Falling in love…
Author: Neeraj Mishra
Publisher: Rj Publishers
“Falling in love” is a sweet love tale that is relatable and entertaining. The story revolves around Manav and Sriti, who come in contact by chance (or rather through Internet) and are struck hard by Cupid’s arrow. Manav confesses his love for his lady. But he faces denial from Sriti’s end. What cooks inside Sriti’s mind; we do not know. But that becomes the bane of Manav’s life for he cannot live without her.
Explore ‘falling in love’ and relive the romance of the two protagonists.
‘Falling in love…’ is a love tale, which revolves around the two main characters- Manav and Sriti. The title of the book is fine but the three dots confused me. They were not required probably. The cover page is nice- sober and subtle. The initial part of the blurb is apt but the questions posed to ignite the spark of interest in the mind of the reader, are wayward. The font is apt and the language is lucid and understandable. I would like to compliment the author’s ability to present this piece of fiction in a language that can be understood by everyone. The organization of content is fine but the layout of the text on each page does not meet with the standard. The margins have not been used uniformly. The fineness of the cover lies in the fact that the red colour says it all about the feeling associated with the book.
Coming to the acknowledgement, I found some parts really unnecessary and absurd. The author says that ‘we are humans and thus, we are bound to make mistakes’ (referring to the mistakes that might be there in the book). Now, according to me being human does not restrict anyone to consult a good editor and get the corrections done in the manuscript. Right? Saying this actually gives an impression that the lights are on but no one is home.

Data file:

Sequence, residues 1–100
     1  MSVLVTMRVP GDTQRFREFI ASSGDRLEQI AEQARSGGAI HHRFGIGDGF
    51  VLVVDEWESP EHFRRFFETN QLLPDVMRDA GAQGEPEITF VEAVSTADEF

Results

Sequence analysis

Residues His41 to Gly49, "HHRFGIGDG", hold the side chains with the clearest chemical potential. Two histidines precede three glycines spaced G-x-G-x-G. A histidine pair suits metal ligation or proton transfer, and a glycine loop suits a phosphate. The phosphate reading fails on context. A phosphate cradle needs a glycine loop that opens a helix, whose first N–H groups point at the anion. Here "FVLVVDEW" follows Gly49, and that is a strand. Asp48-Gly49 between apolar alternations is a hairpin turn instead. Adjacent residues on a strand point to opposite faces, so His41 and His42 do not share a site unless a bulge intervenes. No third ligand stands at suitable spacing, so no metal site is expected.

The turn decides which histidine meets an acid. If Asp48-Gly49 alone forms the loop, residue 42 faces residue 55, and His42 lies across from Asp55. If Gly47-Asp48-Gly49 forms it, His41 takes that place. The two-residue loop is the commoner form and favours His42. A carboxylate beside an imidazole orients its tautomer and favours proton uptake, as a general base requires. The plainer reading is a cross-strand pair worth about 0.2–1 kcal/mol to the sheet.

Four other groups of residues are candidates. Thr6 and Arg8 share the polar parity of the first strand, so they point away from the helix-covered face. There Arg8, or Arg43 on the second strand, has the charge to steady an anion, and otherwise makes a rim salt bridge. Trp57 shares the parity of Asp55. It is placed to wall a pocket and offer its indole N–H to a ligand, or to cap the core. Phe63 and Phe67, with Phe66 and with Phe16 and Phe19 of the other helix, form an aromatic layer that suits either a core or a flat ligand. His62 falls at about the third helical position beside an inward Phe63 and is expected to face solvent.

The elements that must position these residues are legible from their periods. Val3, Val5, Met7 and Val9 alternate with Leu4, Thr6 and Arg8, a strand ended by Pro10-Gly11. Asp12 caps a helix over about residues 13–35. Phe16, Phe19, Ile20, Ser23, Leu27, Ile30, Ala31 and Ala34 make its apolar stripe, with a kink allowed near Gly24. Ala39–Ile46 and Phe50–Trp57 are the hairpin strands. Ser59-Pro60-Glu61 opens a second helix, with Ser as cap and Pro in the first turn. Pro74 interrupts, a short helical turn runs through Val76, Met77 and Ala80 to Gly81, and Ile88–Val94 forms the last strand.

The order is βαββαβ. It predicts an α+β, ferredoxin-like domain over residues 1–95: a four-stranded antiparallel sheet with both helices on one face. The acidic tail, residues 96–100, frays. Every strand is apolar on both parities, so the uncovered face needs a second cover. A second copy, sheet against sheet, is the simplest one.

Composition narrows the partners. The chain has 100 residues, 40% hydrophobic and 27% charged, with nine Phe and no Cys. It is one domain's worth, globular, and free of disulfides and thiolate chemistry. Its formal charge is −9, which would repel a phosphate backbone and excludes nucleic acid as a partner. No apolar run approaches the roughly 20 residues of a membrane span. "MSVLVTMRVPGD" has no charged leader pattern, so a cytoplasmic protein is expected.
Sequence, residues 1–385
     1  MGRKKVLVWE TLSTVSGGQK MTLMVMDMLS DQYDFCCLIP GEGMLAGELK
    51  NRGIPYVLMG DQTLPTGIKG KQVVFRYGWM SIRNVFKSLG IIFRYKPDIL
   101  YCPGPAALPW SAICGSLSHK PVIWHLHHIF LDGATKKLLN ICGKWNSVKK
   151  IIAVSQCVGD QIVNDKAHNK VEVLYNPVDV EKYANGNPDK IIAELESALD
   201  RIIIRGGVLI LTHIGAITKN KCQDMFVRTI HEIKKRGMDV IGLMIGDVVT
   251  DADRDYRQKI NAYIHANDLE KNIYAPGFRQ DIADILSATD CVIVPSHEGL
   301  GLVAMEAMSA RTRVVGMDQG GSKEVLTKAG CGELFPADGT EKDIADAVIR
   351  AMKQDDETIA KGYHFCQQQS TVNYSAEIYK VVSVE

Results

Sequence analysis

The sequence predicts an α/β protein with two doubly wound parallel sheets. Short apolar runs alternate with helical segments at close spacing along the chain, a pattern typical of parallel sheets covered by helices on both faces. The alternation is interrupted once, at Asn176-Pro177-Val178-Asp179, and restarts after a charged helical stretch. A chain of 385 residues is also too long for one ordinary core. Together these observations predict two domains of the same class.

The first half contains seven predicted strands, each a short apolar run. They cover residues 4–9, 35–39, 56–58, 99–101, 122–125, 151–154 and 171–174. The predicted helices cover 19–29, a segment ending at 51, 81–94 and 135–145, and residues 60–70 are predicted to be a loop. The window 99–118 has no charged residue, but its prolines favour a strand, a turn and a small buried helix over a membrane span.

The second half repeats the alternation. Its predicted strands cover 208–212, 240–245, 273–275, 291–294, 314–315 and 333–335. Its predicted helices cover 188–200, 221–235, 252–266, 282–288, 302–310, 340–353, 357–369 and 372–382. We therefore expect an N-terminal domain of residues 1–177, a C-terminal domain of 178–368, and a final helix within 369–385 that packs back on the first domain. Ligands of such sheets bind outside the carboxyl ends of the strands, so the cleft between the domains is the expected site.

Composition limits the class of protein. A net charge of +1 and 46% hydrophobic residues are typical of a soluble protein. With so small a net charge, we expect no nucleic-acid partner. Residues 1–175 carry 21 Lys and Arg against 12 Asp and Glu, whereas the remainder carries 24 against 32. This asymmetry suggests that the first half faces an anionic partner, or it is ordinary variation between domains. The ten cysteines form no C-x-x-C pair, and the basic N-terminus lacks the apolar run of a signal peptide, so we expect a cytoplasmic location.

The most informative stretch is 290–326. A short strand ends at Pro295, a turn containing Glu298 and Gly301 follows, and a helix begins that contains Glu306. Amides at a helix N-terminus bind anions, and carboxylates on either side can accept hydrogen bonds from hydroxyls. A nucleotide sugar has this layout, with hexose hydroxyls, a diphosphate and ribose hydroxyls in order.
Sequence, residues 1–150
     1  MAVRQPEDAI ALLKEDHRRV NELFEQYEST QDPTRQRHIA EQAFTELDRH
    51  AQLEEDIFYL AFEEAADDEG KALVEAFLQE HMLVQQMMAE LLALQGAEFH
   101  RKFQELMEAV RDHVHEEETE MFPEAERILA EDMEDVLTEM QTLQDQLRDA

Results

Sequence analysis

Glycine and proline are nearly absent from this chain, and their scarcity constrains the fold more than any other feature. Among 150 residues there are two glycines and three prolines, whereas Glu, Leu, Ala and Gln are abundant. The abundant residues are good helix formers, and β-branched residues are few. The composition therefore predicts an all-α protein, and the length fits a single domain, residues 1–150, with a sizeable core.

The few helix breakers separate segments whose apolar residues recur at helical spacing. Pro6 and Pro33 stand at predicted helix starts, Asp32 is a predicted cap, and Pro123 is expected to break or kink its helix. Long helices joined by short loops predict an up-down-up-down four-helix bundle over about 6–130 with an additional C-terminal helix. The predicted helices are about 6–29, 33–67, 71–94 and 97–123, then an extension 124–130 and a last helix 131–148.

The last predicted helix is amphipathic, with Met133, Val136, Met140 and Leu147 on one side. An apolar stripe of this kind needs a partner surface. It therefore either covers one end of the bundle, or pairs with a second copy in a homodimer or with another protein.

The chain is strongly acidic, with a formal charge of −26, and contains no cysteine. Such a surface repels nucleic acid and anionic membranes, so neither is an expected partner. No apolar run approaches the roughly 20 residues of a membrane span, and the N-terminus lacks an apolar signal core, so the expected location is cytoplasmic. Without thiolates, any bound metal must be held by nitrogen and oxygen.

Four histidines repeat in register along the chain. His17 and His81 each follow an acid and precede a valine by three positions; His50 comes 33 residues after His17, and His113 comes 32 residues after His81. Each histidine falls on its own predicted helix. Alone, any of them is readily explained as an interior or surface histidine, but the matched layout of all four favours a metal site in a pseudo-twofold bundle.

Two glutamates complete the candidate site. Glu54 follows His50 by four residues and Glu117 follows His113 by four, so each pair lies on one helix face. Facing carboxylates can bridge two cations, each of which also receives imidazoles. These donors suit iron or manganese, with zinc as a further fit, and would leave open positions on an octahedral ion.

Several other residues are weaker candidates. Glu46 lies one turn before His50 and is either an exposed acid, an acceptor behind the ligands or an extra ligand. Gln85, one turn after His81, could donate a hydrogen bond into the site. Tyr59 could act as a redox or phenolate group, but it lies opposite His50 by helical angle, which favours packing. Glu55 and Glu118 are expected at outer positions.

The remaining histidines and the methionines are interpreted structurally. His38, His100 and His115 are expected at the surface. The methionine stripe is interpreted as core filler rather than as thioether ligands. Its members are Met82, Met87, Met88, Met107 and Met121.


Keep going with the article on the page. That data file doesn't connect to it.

Next, coming to the linguistic elements- the grammar is awful. And thus, I cannot classify these mistakes as the-mistakes-that-we-are-bound-to-make. The narration is finely tuned and paced.
The plot is gripping but the major drawback lies in the extended content about the online chats, text messages and phone calls, where the protagonists are trying to get acquainted with each other. Here, to be clearer, I would prefer quoting Doris Orens- ‘Not everything that you want to say, needs to be said.’ It is high time that the authors realize that penning down each and every minute detail that is either inspired or adapted from a personal experience, makes the story boring and can result in turning the odds against you. The book is more like a conversation and the story gets lost somewhere there. This book, no doubt, is a quick read and the reason for this is the presence of numerous dialogues.
The plot lacks originality. It is very much predictable and might be liked by the ones who prefer mushy love tales/ college romance/ online chatting. For the ones who are looking for something deep and meaningful, this book might or might not serve the interest.
Another point that I would like to highlight is the abrupt ending of the book. The plot moves at a comfortable pace but suddenly the air sends across happy vibes and the story ends. Also, the last conversation is absolutely vague. I understand the need to end the story on a happy note but the dialogues like ‘you are stupid’, ‘no, you are stupid’, ‘no, you’ and ‘you’, do not suffice for a good ending.
The book lacks proper editing and proofreading as one can encounter punctuation errors (tenses, wrong use of apostrophe), missing words, wrong formation of sentences- time and again. There is frequent use of hindi words, which might act as a turn off for the ones who prefer reading rich literature.
Overall, a good effort by the author!
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